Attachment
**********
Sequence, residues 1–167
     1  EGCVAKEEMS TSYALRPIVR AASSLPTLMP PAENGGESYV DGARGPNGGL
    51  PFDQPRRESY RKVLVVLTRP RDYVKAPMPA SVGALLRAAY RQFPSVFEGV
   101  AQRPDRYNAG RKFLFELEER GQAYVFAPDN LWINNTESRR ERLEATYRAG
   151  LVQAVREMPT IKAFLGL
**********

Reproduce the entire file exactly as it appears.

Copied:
Sequence, residues 1–167
     1  EGCVAKEEMS TSYALRPIVR AASSLPTLMP PAENGGESYV DGARGPNGGL
    51  PFDQPRRESY RKVLVVLTRP RDYVKAPMPA SVGALLRAAY RQFPSVFEGV
   101  AQRPDRYNAG RKFLFELEER GQAYVFAPDN LWINNTESRR ERLEATYRAG
   151  LVQAVREMPT IKAFLGL